Look up Eclectic in Wiktionary, the free dictionary.
eclectic may refer to : Wikipedia does not have an article with this exact name. ... Wiktionary (a portmanteau of wiki and dictionary) is a multilingual, Web-based project to create a free content dictionary, available in over 150 languages. ...
Eclecticism, philosophical movement, artistic movement, etc. Eclecticism is a conceptual approach that does not hold rigidly to a single paradigm or set of assumptions, but instead draws upon multiple theories, styles, or ideas to gain complementary insights into a subject, or applies different theories in particular cases. ...
Eclectic Society (1), English missionary and anti-slavery society, founded in London in 1783. The Eclectic Society was founded in 1783 by a number of Anglican clergymen and layman as a discussion society and was instrumental in the founding of the Church Missionary Society in 1799. ...
Eclectic Society (2), American college fraternity, Phi Nu Theta, founded at Wesleyan University in 1838. Eclectic Society is a coed college fraternity at Wesleyan University in Middletown, Connecticut. ...
Eclecticism then aims at constructing a system broad and vague enough to include, or not to exclude, the principles of the divers schools, though giving at times more importance to those of one school, and apparently sufficient to furnish a basis for the conduct of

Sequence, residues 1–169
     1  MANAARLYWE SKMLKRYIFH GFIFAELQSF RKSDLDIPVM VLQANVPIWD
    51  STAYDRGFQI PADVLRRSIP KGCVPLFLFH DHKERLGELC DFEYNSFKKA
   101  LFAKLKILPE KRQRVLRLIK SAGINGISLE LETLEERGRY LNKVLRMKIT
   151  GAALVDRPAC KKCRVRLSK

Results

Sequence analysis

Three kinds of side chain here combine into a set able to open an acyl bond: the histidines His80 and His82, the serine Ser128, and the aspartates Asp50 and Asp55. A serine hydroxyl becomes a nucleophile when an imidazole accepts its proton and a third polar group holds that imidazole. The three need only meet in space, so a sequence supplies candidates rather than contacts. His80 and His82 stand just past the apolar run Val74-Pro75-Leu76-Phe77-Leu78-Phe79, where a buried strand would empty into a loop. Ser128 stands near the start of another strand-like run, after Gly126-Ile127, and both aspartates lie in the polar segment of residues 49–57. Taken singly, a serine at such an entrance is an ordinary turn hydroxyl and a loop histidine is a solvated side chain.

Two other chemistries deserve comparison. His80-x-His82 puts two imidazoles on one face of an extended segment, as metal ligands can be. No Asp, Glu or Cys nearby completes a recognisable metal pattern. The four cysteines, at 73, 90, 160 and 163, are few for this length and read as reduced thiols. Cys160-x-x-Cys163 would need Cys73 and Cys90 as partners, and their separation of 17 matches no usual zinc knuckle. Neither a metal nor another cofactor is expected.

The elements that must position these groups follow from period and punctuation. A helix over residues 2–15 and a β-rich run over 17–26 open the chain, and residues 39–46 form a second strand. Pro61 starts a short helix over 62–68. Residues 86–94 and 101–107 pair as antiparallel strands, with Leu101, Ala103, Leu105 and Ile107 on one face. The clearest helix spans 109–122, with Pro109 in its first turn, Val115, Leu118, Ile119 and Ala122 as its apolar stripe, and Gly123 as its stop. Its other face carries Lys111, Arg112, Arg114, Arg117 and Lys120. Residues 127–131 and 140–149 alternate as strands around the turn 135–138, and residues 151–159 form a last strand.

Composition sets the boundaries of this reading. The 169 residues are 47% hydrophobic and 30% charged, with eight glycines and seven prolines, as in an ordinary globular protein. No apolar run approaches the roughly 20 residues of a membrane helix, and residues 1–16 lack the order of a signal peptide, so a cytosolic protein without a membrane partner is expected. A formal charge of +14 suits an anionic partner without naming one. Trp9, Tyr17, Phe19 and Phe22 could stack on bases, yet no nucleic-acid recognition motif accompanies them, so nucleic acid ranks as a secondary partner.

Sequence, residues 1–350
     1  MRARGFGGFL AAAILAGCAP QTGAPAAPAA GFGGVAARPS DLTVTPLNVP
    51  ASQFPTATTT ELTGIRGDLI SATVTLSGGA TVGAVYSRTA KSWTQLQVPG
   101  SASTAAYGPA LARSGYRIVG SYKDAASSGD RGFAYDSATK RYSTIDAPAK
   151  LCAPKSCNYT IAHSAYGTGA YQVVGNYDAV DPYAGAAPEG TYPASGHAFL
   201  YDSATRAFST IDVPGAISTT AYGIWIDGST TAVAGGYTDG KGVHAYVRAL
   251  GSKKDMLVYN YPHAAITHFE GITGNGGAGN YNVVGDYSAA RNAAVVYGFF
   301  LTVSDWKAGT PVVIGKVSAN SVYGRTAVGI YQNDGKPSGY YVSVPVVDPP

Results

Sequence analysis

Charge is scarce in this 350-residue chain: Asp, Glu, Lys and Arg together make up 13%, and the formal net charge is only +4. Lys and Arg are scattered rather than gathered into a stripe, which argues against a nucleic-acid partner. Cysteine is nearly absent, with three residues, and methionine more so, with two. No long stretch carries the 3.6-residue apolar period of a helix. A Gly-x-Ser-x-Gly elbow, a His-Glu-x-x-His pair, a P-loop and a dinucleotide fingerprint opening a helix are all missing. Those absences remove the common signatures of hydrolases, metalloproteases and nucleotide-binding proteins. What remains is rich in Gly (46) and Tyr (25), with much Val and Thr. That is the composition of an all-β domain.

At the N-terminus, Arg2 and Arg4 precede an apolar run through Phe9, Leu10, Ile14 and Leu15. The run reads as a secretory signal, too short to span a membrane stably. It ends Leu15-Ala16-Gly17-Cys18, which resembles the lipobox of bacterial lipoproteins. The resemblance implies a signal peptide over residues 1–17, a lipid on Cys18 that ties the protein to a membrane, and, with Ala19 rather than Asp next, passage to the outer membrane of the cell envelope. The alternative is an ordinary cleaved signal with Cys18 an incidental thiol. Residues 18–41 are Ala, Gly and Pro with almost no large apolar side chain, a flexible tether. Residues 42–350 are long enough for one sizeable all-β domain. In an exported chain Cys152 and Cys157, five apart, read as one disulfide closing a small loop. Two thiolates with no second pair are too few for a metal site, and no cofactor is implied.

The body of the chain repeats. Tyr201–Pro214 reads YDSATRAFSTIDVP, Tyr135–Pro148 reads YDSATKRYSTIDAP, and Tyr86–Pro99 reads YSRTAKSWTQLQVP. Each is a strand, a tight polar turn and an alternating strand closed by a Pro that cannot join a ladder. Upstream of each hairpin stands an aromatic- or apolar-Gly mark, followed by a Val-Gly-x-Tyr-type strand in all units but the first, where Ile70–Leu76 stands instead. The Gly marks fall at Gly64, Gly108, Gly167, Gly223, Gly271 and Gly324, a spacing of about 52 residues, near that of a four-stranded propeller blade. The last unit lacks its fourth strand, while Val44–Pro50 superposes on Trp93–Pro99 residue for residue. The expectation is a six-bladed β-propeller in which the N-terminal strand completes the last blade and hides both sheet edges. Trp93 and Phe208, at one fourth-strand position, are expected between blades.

Eclecticism is represented among the Epicureans by Asclepiades of Bithynia; among the Stoics by Boethius, Panetius of
Eclecticism, considered as a study of the opinions and theories of others in order to find in them some help and enlightenment, has its place in philosophy; it is a part of
Eclecticism always tends to spring up after a period of vigorous constructive speculation, especially in the later stages of a controversy between thinkers of pre-eminent ability.
Theoretically, therefore, eclecticism is a perfectly sound method, and the contemptuous significance which the word has acquired is due partly to the fact that many eclectics have been intellectual trimmers, sceptics or dilettanti, and partly to mere partisanship.
Eclecticism gained great popularity, and, partly owing to Cousin's position as minister of public instruction, became the authorized system in the chief seats of learning in France, where it has given a most remarkable impulse to the study of the history of philosophy.
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